Kendra Preston Leonard is a musicologist and music theorist whose work focuses on women and music in the twentieth and twenty-first centuries; and music and screen history, particularly music and adaptations of Shakespeare; and a librettist and poet. She is the founder and Executive Director of the Silent Film Sound and Music Archive (www.sfsma.org) and the founder and manager of Shakespeare in Early Film (https://sheaf.hcommons.org/).
My name is Carlos D. Acosta-Ponce and I was born in Mayagüez, Puerto Rico and raised in the nearby township of Hormigueros. I hold a Bachelor’s degree in English, as well as a Master’s degree in English Education from the University of Puerto Rico at Mayagüez. I also hold a Master’s Degree in English Language and Literature from the University of Tulsa in Oklahoma, where I am currently a doctoral candidate working on my dissertation titled Identity, Oppression, and Upheaval in the British Invasion: The Comics of Alan Moore, Neil Gaiman, Peter Milligan, and Jamie Delano. My research interests are comprehensive and are rooted in the intersections between literature, popular culture and media. My expertise is in Contemporary American Literature and Transatlantic Modernism with an emphasis in graphic literature, comic studies, and media studies. I am also interested in cultural studies, literary theory and criticism, film studies and theory, video game studies,gender studies, digital humanities, and pedagogy. I am currently in the process of writing my dissertation on depictions of minoritized social identity categories in British Invader comics from the late 1980s. My ultimate career objective is to obtain a tenure-track position at a leading research university. In my spare time I enjoy reading, cooking, video games, and music.
As an intellectual historian, I analyze how modernism in American law and literature has shaped the quest for equal citizenship. Drawing on my Ph.D. in English and my J.D. with a focus on constitutional history, I interrogate how creative forms of legal dissent – ranging from judicial opinions to lyric poems – have sparked constitutional reimagination in the context of African American, working-class, and women’s experiences. My current book project, An Intellectual Reconstruction: American Legal Realism, Literary Realism, and the Formation of Citizenship, construes legal realism (a progenitor of critical race theory) and literary realism as a major post-Civil War movements connecting disciplinary critiques to equitist politics. I have additional interests in British literary modernism and postcolonial studies, having composed articles on Joseph Conrad’s and Virginia Woolf’s texts. My literary and legal scholarship has been published in several anthologies and journals, including Critical Insights: Social Justice and American Literature; Critical Insights: Inequality; Clio: A Journal of Literature, History, and the Philosophy of History; the Cambridge Journal of Postcolonial Literary Inquiry; and the Chicago Journal of International Law. Recent and forthcoming articles include “Black Lives Matter and Legal Reconstructions of Elegiac Forms” and “Applied Legal Storytelling: Toward a Stylistics of Embodiment.” I have also published widely on writing studies pedagogy through the lens of critical theory, drawing on extensive experiences teaching literature, law, and composition. My pedagogical scholarship has appeared in the Washburn Law Journal, Perspectives: Teaching Legal Research & Writing, The Law Teacher, and the anthology Writing as a Way of Staying Human in a Time that Isn’t. When not immersed in literature, law, history, and philosophy, I explore modernist-inflected alternative music, fashion, interior design, landscapes, gardens, and other aesthetic phenomena suiting my fancy.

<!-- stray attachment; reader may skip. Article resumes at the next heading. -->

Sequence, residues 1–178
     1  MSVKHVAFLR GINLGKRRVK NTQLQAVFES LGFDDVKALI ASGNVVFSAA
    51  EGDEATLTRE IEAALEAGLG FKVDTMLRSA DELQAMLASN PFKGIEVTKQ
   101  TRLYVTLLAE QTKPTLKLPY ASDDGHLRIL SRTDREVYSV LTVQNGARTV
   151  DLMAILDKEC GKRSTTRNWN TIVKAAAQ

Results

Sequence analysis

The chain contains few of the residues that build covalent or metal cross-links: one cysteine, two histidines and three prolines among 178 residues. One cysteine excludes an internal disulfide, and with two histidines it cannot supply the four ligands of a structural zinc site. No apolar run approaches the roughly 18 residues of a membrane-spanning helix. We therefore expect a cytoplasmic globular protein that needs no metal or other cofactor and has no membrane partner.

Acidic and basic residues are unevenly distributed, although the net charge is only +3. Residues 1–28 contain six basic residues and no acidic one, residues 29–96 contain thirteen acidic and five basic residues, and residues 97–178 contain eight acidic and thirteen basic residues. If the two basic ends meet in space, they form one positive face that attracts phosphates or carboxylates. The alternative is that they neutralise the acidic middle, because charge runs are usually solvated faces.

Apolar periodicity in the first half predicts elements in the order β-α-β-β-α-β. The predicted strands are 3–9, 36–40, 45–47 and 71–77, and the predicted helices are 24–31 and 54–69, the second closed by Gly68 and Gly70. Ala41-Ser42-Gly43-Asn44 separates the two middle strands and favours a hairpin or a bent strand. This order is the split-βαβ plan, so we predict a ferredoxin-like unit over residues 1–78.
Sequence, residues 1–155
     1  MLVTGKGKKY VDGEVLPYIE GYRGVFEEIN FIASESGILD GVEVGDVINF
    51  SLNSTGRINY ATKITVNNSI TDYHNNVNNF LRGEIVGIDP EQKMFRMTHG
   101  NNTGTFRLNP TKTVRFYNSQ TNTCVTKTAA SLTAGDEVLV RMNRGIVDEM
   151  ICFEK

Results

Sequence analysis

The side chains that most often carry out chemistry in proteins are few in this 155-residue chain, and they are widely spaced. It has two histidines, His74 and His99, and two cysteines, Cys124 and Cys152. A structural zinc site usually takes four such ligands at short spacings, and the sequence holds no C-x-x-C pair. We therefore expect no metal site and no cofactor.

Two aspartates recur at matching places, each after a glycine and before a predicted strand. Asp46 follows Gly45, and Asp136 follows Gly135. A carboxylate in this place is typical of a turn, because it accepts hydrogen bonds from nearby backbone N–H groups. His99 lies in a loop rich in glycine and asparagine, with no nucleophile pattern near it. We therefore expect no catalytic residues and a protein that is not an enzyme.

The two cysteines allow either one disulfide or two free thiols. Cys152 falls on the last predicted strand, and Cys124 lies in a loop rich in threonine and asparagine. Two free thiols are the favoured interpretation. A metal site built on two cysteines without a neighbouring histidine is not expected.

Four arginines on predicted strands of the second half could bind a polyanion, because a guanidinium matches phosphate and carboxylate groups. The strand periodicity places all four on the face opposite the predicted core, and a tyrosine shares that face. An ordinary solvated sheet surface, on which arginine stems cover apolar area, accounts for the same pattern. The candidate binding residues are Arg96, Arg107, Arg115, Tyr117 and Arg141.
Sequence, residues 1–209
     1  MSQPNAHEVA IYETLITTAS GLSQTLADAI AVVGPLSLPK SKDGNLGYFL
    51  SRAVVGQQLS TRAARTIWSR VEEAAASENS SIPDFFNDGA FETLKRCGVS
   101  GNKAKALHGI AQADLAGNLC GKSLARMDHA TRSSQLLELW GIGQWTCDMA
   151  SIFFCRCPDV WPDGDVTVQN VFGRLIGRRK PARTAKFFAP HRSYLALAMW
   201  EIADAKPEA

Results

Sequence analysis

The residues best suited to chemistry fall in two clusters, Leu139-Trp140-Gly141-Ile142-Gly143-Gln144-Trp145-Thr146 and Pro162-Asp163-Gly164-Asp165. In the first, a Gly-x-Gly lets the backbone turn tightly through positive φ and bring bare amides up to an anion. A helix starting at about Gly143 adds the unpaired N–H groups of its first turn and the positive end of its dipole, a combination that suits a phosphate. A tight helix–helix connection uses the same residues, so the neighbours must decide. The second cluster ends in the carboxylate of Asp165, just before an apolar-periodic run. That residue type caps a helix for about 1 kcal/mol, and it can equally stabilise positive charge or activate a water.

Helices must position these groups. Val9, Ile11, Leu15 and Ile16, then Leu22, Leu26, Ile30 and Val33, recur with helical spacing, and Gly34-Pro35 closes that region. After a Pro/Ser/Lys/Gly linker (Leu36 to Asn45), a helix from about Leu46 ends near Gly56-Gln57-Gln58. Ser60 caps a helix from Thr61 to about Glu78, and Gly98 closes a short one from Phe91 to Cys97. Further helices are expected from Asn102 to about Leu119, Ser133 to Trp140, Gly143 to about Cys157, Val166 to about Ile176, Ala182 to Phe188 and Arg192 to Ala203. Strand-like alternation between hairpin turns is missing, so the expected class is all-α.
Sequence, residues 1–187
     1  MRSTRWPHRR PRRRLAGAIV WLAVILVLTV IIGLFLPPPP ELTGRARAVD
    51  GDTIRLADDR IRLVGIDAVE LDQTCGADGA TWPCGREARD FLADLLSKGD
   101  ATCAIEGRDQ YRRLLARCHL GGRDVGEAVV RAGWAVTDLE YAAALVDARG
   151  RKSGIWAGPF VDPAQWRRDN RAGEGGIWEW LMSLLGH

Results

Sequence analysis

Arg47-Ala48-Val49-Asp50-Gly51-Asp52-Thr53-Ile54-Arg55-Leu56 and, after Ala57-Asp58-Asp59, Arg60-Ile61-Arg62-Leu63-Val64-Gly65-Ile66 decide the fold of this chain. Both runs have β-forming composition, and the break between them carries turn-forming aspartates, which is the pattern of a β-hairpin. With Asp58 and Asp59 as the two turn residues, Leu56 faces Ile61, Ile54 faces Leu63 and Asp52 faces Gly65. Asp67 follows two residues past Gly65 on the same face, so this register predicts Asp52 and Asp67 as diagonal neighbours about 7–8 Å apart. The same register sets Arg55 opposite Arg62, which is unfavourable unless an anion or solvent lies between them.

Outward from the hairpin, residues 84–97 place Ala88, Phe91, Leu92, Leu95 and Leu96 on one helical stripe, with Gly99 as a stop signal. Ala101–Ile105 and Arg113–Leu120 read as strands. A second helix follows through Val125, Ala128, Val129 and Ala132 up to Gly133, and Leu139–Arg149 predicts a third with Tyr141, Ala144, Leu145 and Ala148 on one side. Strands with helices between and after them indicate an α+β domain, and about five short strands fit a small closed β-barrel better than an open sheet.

Postcolonial, Politics, Music, Theory, Literary Geography
I specialize in media theory, digital humanities, and nineteenth-century British literature. My research investigates how the Nineteenth Century is adapted, remediated, and transmitted into more contemporary art and digital media. I’ve specifically looked at this phenomenon by exploring the adaptation of William Blake and by investigating the alternate history reconstruction of the Victorian Period in steampunk. I also occasionally write about digital pedagogy.
Pedagogy. American Literature. Poetry. Film. Architecture. Criticism and Theory.
Autobiography, Gender Studies, Posthumanism, Postmodernism, Literary Theory, Narrative Theory, Cultural Studies, Body Studies, Feminist Literary Theory, British Literature, American Literature, Hungarian Literature, Postcolonialism, Subjectivity
I’m an early modernist with interests in music, poetics, performance and media theory.
African American literature, Multi-Ethnic American literature; Critical race and gender theories; American music in literature and film
nineteenth-century French literature
pedagogy of literature
theory of metaphor